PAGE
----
As promised, I took a drive down to Johannesburg to the National Military History museum where the annual ScopeX ATM fair was held. I listened to a talk, I watched the auction and the prize-giving, and strolled through the rows and rows of lovingly built telescopes arranged between the old tanks and aeroplanes. It was lovely, but I had to cut the visit short so that I could help my wife prepare for what must have been the world’s most extravagant 3rd birthday party (a subject for its own entire blog. Totally worth the effort, though). I can’t give a very meaningful report on the day, but there were a few highlights for me. First, I finally got to meet Neville Young, who was promoting his new book, Astronomy within Reach, along with a range of teaching tools he’s been selling for years under the StarWaders brand. After that I headed into the auditorium to hear a talk by Adrian Tiplady, SKA Africa’s site bid manager. Adrian talked at length about the SKA, explaining some basics of radio astronomy, and why the African site was a technically superior choice. He spoke about the scale of the project, talked about the benefits it will bring to Southern Africa, and how South African designed technology is already becoming standard equipment in radio telescopes around the globe. He was obviously very passionate about his job, and it was a pity he ran out of time and had to be cut short.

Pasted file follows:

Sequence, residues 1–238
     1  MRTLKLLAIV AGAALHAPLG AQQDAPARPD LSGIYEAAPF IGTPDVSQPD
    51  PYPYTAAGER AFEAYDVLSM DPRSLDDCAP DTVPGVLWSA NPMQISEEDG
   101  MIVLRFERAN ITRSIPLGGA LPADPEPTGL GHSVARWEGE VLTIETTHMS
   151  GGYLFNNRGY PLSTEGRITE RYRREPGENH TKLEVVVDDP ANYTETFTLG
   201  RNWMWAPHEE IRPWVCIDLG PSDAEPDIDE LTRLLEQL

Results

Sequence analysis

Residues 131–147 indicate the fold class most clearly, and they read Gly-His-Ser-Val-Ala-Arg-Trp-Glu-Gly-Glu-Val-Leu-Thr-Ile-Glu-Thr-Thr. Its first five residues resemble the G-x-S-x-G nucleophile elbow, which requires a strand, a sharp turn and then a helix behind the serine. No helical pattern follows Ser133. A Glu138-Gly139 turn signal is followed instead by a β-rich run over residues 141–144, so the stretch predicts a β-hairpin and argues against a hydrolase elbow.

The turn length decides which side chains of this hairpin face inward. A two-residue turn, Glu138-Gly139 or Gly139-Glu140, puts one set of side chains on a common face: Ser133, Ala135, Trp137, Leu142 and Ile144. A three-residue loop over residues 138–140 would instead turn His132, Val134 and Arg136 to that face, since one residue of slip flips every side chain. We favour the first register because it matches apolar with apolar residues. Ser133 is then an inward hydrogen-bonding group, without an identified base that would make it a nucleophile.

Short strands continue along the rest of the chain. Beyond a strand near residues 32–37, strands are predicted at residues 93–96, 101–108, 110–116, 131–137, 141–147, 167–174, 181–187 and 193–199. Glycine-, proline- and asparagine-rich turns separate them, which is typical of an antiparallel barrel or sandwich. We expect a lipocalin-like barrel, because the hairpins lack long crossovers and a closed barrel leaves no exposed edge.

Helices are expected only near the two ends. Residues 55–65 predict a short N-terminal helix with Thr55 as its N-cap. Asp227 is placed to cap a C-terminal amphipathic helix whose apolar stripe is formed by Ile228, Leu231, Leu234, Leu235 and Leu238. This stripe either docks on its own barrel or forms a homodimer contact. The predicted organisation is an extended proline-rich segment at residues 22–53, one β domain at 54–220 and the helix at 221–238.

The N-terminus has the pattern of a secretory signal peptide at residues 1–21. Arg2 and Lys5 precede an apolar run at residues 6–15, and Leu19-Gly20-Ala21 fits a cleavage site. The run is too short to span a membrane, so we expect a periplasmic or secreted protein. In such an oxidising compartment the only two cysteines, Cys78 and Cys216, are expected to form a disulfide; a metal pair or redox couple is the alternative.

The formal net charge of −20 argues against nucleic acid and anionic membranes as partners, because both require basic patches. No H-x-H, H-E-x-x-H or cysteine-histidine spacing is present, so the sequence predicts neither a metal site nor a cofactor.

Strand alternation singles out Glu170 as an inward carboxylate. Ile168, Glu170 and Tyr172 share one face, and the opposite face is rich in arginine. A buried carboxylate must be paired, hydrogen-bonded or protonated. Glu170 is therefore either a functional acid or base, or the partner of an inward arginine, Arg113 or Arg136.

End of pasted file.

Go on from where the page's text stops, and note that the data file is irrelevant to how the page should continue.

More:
From there, I watched the auction (two commercial scopes were sold off by auction), and the prizegiving. I saw many famililar faces head up to collect their prizes, and they’re all in the attached slideshow.
Sadly, after that I only had time to walk a single ciruit of the grounds, photographing as many home-built telescopes as I could. I apologise in advance for the poor quality of many of these photos, but I only noticed the thick greasy film on the lens after I’d already gotten home. It all looks a lot more romantic than it really was!